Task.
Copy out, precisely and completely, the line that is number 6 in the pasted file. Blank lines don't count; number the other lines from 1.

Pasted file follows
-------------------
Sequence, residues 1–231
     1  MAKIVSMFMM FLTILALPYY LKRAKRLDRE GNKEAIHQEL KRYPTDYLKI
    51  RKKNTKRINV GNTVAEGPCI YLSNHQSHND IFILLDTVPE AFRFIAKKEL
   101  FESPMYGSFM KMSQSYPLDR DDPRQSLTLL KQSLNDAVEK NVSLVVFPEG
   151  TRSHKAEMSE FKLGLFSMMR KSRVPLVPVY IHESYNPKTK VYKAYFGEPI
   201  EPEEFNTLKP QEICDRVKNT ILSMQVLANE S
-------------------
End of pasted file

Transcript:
   201  EPEEFNTLKP QEICDRVKNT ILSMQVLANE S